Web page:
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April 2, 2015

Texas v. United States

Judicial opinions are written to persuade. Perhaps this is the reason why Judge Hanen’s opinion in Texas v. United States resorts to truncated arguments, neglecting to discuss the opposing position. Furthermore, nowhere in the opinion does the judge indicate the devastating effect that the opinion will have on the people involved. Instead of focusing on the families that are at risk of being ripped apart through deportation as a result of his decision, Judge Hanen portrays the battle as an abstract political one between states that “bear the brunt of illegal immigration” while the (incompetent?) “powers that be” in the capitol are “rubberstamp[ing]” applications to avoid deportation or giving them only a “pro forma review.” No matter how long an opinion is—and this one is more than 120 pages long—it will sound polemical instead of persuasive if it does not recognize the other side’s arguments.

Among other things, Judge Hanen’s opinion holds illegal the decision by Jeh Johnson, Secretary of the Department of Homeland Security, to limit removal actions against some parents of citizens and permanent residents. The United States had claimed that this decision was not subject to judicial review under the federal Administrative Procedure Act on the grounds that it was a discretionary prosecutorial decision. Judge Hanen disagreed, holding that it was reviewable because, among other things, the statute used the term “shall” in relation to deportation instead of “may.” The judge’s handling of this one small point—the interpretation of “shall” in the statute—is illustrative of his failure to voice the United States’ argument in any but the weakest way. Similarly, his reluctance, in discussing this point, to recognize what is at stake for the families involved may show his fear that doing so would make the reader less sympathetic to his position.

This is certainly not the first time that a court has had to interpret a statutory instruction expressed through the word “shall.” The United States Supreme Court took up the issue in Town of Castle Rock v. Gonzales, holding that the statute there, which said that the local police department “shall arrest” those who violated domestic violence restraining orders, gave the local police discretion as to whether to arrest or not. Judge Hanen’s failure to deal with this case or with similar cases shows his effort to persuade through blunt assertion instead of through legal analysis.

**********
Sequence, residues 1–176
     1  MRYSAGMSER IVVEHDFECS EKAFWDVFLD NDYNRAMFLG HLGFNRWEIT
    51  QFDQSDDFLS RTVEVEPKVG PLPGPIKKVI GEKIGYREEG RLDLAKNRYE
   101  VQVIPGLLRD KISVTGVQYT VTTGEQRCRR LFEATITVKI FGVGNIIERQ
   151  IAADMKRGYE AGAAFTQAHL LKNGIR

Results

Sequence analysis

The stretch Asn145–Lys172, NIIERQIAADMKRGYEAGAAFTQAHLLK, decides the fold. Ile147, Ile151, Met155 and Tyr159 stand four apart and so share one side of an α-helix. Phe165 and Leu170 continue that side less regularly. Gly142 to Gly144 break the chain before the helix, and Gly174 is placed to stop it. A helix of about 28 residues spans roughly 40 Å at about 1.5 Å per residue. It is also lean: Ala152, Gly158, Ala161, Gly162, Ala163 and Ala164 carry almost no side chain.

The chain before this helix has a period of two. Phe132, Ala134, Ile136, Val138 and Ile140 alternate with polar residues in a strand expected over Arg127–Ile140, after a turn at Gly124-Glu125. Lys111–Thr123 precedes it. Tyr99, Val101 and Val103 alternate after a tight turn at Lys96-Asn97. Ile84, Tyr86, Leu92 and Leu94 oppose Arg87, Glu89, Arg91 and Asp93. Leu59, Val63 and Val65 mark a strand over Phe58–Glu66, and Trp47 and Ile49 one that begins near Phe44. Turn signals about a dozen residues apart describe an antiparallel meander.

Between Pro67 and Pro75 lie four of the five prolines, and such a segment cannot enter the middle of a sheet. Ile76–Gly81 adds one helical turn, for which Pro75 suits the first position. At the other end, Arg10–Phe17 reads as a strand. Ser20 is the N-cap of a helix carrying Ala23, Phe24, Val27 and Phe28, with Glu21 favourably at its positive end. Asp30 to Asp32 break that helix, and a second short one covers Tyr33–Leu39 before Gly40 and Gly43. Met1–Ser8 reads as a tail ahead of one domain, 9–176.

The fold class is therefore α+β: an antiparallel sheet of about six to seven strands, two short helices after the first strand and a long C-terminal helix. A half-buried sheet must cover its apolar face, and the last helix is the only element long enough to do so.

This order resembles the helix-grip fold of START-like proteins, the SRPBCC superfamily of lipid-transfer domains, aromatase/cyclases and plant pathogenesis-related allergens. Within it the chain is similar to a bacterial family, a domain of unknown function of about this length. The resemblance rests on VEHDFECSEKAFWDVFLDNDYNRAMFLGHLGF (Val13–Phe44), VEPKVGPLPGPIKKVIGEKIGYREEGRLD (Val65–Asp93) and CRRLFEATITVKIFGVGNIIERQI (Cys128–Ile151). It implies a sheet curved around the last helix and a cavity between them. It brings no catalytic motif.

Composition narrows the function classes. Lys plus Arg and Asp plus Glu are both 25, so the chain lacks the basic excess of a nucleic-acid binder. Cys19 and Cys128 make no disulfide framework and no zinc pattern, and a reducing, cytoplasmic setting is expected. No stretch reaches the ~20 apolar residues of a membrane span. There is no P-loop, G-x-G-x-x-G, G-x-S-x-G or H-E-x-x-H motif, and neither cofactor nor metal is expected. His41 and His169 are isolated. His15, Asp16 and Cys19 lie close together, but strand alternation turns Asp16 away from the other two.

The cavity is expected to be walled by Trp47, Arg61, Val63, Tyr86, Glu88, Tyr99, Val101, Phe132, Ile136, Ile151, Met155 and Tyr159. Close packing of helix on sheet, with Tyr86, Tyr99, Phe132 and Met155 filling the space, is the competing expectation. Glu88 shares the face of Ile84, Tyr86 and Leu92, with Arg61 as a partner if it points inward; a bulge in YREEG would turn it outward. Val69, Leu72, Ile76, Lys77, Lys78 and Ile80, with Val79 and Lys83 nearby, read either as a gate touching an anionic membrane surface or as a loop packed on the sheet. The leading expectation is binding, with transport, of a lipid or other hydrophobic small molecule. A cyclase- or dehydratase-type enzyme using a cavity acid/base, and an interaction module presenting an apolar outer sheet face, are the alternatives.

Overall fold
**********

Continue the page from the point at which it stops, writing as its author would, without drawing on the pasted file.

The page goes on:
Justice Scalia, writing for the Court in Castle Rock, denied that a mandatory arrest statute requires the police to make arrests for domestic violence restraining order violations. Instead, he said, “We do not believe that these provisions of Colorado law truly made enforcement of restraining orders mandatory.” (Emphasis in the original). He followed this with a lengthy discussion showing that police discretion to arrest has long “coexisted” with statutory mandatory arrest language. He also questioned how mandatory arrest would work in a setting, like plaintiff Gonzales’s, in which the person violating the restraining order is not present. Scalia’s point is that the statute cannot mean what it says because it would not be workable in that form. Furthermore, he engaged directly with the dissenting Justices’ position that other states have found mandatory arrest statutes in the context of domestic violence to be “more mandatory” than in other contexts.

In contrast, Judge Hanen in Texas v. United States paid only very quick lip service to the fact that some interpret “shall” as “may” before concluding that “shall” in the applicable statute is “imperative” and deprives the Department of the “right to do something that is clearly contrary to Congress’ intent.” There is no mention of Castle Rock or of any other similar case, except for one low-level Board of Immigration Appeals (BIA) decision. The implication is that this position is not worth considering. This is confusing since immediately prior to this conclusion, he wrote that “DHS does have the discretion . . . to determine how it will effectuate its statutory duty and use its resources where they will do the most to achieve the goals expressed by Congress.” Given this, one would have thought the interpretation of “shall” would be a more complicated problem for him. What comes through to the reader from Judge Hanen’s very brief analysis is that he is upset that the government has announced that it will not enforce the removal laws against “a class of millions of individuals” despite the unmentioned fact that it is continuing to enforce them—at what many consider to be the highest rate ever—against others.